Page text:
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Am J Gastroenterol. 2003 Jan;98(1):59-65.

Diagnosis and management of gastrointestinal bleeding in patients with hereditary hemorrhagic telangiectasia.

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  • 1Department of Internal Medicine, Yale University School of Medicine, New Haven, Connecticut 06520, USA.

Abstract

OBJECTIVE:

Our aim was to report our experience with treating GI bleeding in patients with hereditary hemorrhagic telangiectasia (HHT).

METHODS:

Consecutive patients with GI bleeding referred to the Yale University Vascular Malformation Center underwent clinical evaluation and endoscopy. Hb and blood transfusion requirements for 1 yr before and after evaluation were documented. Patients with a mean Hb <or= 8 mg/dl or blood transfusion requirements >or= 12 units packed red blood cells (PRBC)/yr were defined as patients with significant bleeding. Drug therapies, including ethinyl estradiol/norethindrone, danazol, and aminocaproic acid, were prescribed on an individual patient basis.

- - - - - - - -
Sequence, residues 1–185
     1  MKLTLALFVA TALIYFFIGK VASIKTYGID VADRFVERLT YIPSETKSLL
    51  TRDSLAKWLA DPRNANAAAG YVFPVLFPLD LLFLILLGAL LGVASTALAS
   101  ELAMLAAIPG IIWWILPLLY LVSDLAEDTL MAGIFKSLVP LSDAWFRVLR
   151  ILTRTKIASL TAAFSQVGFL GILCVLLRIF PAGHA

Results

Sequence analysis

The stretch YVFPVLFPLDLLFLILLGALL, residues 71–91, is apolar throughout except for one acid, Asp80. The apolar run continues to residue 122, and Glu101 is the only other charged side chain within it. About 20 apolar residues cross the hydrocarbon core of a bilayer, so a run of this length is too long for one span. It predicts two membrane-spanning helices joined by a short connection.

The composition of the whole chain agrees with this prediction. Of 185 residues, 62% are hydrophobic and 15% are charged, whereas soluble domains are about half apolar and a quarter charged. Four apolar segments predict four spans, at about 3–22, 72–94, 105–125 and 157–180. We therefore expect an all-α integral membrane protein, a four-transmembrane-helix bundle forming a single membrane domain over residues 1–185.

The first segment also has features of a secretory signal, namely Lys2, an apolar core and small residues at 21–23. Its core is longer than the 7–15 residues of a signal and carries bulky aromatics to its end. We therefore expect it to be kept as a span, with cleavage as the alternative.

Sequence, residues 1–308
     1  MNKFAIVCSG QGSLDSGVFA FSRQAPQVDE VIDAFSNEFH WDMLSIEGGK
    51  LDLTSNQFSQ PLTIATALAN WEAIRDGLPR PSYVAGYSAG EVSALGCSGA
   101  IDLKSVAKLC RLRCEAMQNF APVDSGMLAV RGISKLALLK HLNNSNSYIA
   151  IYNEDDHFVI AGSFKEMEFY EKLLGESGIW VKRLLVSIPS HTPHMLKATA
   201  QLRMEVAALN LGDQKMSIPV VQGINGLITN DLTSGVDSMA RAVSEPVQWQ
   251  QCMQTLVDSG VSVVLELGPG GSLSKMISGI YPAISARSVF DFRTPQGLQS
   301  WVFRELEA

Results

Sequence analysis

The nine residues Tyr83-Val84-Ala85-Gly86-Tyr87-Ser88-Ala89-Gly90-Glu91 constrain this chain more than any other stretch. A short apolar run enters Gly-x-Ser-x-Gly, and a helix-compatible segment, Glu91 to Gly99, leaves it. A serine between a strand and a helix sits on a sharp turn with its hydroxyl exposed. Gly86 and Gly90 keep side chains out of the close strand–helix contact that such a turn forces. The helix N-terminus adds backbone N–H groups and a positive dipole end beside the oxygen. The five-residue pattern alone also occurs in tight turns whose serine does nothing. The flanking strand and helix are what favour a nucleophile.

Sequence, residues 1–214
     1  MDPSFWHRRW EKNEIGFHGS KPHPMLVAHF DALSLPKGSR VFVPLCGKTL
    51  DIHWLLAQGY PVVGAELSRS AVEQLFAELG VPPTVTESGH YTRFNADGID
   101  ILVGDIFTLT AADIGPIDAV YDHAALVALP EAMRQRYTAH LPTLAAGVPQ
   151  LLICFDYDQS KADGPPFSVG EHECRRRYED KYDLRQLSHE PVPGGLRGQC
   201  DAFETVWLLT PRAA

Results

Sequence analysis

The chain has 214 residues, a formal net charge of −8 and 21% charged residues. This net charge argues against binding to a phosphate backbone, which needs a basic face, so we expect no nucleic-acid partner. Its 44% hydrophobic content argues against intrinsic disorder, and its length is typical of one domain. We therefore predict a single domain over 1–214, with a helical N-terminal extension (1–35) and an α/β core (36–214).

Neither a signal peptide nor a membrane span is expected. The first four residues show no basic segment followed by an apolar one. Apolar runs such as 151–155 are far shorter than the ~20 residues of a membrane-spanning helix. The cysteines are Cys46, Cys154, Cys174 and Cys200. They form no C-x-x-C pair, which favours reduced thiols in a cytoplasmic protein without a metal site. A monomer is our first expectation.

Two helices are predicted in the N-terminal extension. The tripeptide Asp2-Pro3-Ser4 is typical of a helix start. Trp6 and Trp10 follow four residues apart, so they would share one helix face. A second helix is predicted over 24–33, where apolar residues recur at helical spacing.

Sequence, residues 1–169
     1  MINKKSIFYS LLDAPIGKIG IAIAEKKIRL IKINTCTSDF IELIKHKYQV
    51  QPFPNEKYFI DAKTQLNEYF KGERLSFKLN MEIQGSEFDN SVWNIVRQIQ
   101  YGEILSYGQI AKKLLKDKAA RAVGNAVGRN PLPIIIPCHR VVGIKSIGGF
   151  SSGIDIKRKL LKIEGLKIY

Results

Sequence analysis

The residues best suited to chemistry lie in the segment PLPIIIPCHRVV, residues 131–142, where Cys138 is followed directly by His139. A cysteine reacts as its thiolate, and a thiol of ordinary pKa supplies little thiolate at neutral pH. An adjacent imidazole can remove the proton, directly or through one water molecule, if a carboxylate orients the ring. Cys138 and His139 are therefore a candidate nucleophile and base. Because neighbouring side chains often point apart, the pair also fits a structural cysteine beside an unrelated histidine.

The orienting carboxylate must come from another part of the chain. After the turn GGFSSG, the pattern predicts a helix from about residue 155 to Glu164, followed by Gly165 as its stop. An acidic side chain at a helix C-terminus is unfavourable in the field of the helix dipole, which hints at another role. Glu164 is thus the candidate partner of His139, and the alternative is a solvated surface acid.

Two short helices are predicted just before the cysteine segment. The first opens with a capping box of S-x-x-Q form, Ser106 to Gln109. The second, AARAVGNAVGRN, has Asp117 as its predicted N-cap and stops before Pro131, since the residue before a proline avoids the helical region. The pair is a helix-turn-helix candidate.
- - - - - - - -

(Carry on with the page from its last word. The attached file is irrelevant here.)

RESULTS:

The study included 43 HHT patients with a mean age of 57 yr. Endoscopy revealed telangiectases in the esophagus (1/41), stomach (33/41), duodenum (33/41), jejunum (5/9), and colon (10/32). Patients with > 20 telangiectases visualized on esophagogastroduodenoscopy had a significantly lower mean Hb of 7.9, compared with 9.4 (p = 0.007), and a trend toward higher blood transfusion requirements. Non-HHT-related causes of GI bleeding were diagnosed in four patients. During a mean follow up of 18.9 months, the group of 40 patients with HHT-related bleeding had improvements in their mean Hb and blood transfusion requirements.

CONCLUSIONS:

Some HHT patients with GI bleeding improve on drug therapies, but others fail. Transfusion-dependent GI bleeding is difficult to manage, and optimal management may include both medical and endoscopic treatments.

[PubMed - indexed for MEDLINE]
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